In early 2017, the U.S. Supreme Court agreed to resolve jurisdictional wrangling over which federal court should hear challenges to the Environmental Protection Agency’s contentious 2015 Waters of the U.S. (WOTUS) rule. That rule sought to clarify the definition of “navigable waters” in the Clean Water Act (CWA). Earlier this month, the nation’s highest court heard arguments over which lower court—U.S. federal appeals courts or district courts—would handle challenges to the rule.
A torrent of federal litigation ensued after the Obama administration finalized the rule. Thirty-one states, many local governments, and private industry filed suit against the U.S. EPA and Army Corps of Engineers in the Sixth Circuit Court of Appeals asserting that the rule unconstitutionally expanded the CWA’s reach and misapplied Justice Anthony Kennedy’s “significant nexus” opinion in the 2006 Rapanos case.
Wetland and water scientists actively involved in research and teaching about fresh and estuarine waters filed an amicus brief in support of the Clean Water Rule. The brief provided scientific support for the rule by describing how wetlands, streams, and adjacent waters significantly affect the chemical, physical, and biological integrity of traditional navigable waters, interstate waters, and the territorial seas. The brief was endorsed by AFS and six other scientific societies.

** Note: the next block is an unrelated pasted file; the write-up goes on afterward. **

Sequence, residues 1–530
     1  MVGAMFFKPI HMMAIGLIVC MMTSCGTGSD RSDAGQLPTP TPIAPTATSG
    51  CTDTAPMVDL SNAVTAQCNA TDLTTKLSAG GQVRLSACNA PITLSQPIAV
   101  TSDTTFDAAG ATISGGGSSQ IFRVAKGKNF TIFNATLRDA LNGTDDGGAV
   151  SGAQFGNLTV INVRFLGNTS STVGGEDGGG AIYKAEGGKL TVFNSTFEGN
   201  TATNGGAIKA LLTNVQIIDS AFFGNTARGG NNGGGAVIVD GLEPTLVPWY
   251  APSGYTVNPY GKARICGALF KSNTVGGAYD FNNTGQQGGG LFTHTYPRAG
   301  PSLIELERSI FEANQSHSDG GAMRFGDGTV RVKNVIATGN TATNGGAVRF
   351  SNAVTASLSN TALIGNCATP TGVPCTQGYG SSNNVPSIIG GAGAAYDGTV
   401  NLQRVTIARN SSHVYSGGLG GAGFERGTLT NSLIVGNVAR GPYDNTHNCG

The Supreme Court’s decision on the jurisdictional issue will determine where challenges to future Clean Water Act rules play out. The choice of court also affects the resources needed to litigate the merits of challenges, sets the statute of limitations for filing lawsuits, and helps determine whether actions can be challenged in subsequent civil or criminal proceedings. The issue is likely to re-occur despite the Trump Administration’s efforts to repeal the WOTUS rule. The Trump Administration has indicated that it plans to replace the rule before the end of the year with one in keeping with Justice Scalia’s interpretation of “navigable waters” in the Rapanos decision, a move that has environmental groups preparing for new legal battles over a rule many fear will reverse protections for wetlands and headwater streams.
AFS, and its partners in the Consortium of Aquatic Science Societies (CASS), will continue to engage with the Trump Administration as it moves forward in repealing and replacing the Clean Water Rule to ensure that the value wetlands and headwater streams is considered. Comments on the proposed replacement are due by November 27.